So if being fat is bad for people, than doctors should tell them not to be fat, right? Or at least tell them to eat vegetables and hit the elliptical, right?
Well, maybe. But sometime around age two humans realize that they are independent beings who do not physically have to do everything an authority tells them to do. Unfortunately, most doctors’ patients are over the age of two, and those that aren’t have their own issues.
Telling people to do things they already know they need to do has mixed results. Scott Alexander suggests alcoholism could be decreased by as much as 13% if doctors would spend five minutes telling alcoholics it was bad for them. What this doesn’t capture is how lectures change the doctor-patient relationship. It is very difficult to give a non-judgmental lecture when your billing model gives you 10 minutes per patient. Patients might avoid or delay visits for problems- alcohol related or not- in order to avoid the lecture. This is a pretty big issue with overweight patients, and apparently without upside: patients lectured by their doctors are more likely to attempt weight loss but no more likely to achieve it.
In this TED talk, Thomas Goetz talks about a study of dental patients (no cite, unfortunately) that found that scaring them had no effect, but patients’ belief in their own ability to floss had a large one. It’s impossible for me to separate my personal experience from this data. Multiple dentists and hygienists told me my pain was my fault for terrible oral hygiene, and if I brushed and flossed it would go away. This turned out to be untrue on a couple of levels. The pain was caused by structural damage and internal infection, which may have been made incrementally worse by oral plaques but wasn’t caused by it. And I was actually brushing pretty regularly, it just wasn’t do anything. Then I started treating a completely unrelated digestive problem, and suddenly my teeth were cleaner. I didn’t even tell my dentist anything had changed, she asked spontaneously. So I guess, yeah, patients belief in their own ability to effect change matters, and if they don’t believe it, maybe consider that they’re correct and investigate why.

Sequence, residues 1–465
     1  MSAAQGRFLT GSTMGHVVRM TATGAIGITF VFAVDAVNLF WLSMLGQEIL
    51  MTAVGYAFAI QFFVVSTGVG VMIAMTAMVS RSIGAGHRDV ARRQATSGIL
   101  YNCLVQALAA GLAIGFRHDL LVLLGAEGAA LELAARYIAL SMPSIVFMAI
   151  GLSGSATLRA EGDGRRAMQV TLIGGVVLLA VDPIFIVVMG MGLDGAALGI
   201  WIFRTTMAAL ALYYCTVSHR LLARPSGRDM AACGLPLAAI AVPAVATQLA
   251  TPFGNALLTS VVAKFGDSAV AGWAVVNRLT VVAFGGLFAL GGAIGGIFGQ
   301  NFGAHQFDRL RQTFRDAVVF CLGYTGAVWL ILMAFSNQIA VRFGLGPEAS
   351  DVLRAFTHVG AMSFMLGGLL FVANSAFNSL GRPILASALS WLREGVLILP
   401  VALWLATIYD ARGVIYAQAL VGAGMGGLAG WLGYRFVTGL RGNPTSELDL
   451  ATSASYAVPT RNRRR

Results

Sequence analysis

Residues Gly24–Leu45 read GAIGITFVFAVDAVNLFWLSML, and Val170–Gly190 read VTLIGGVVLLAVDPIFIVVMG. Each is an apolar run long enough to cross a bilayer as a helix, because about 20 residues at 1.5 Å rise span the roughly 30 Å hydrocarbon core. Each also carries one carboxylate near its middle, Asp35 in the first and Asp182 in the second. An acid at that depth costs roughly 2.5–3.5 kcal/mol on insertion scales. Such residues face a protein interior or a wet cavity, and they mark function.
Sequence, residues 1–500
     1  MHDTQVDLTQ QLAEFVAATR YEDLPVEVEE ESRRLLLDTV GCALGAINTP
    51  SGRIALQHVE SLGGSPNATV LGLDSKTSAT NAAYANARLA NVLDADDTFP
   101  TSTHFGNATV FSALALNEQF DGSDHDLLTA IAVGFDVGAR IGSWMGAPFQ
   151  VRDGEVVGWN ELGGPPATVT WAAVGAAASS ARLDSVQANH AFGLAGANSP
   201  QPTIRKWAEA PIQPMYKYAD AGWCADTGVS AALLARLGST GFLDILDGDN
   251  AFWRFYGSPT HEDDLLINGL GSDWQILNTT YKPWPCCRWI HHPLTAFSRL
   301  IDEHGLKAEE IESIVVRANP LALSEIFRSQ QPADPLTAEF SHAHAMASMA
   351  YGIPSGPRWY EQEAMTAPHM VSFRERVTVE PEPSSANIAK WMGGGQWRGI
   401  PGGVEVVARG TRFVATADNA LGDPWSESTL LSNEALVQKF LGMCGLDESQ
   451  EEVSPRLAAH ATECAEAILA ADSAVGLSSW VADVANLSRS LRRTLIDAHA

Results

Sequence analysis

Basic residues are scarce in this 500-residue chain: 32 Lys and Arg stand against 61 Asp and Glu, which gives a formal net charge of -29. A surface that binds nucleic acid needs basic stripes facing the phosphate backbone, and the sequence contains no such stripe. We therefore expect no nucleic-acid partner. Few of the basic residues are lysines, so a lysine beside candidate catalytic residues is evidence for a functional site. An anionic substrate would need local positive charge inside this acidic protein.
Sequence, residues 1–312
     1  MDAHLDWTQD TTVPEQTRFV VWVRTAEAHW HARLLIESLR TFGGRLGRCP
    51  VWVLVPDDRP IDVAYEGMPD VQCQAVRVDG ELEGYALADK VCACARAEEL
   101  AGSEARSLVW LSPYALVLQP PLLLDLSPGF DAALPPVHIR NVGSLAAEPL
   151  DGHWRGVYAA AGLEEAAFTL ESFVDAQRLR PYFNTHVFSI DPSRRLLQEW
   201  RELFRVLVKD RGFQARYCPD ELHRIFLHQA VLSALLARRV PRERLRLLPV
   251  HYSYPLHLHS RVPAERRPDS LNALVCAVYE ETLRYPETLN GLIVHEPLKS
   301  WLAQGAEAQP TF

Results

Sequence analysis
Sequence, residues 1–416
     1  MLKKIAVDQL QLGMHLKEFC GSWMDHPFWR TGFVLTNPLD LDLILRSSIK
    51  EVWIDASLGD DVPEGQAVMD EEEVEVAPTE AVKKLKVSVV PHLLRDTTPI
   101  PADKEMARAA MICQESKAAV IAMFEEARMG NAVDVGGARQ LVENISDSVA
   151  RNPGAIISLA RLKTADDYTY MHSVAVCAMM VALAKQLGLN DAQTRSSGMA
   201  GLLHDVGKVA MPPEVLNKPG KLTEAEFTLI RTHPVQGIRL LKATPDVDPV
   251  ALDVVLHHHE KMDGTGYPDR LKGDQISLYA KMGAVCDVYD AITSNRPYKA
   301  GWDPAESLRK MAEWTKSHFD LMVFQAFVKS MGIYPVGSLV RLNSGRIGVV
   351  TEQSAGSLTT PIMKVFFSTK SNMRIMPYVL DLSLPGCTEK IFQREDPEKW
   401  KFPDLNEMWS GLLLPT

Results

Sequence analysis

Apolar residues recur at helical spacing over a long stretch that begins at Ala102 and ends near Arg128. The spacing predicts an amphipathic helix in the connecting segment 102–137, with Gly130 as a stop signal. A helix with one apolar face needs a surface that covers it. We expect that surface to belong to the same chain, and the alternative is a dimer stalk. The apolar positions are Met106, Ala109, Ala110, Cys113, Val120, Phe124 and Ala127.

But let’s go one step farther. Crum and Langer did an interesting experiment on two groups of hotel maids. Both were told exercise is good for you. One was given additional information about the intensity level of the work they did all day, and told just by going to work they were exceeding the surgeon general’s RDA of exercise. Four weeks later, the informed group was slightly thinner (they even checked body fat %. I am so pleased) and had lower blood pressure . Not astoundingly lower(10 points on diastolic BP), but it was only four weeks, and a pamphlet is even less work than a doctor lecture.
This suggests that one of the more helpful things public health officials can do is reinforce the good things people are already doing. You did a stretch? Hurray for you. Check parking lot twice before accepting a far out spot? Still counts. It would not shock me if part of the health improvements attributed to standing desks turned out to be simply a halo effect of feeling like you made a healthy choice. Which coincidentally is how you turn a two year old into a civilized human being.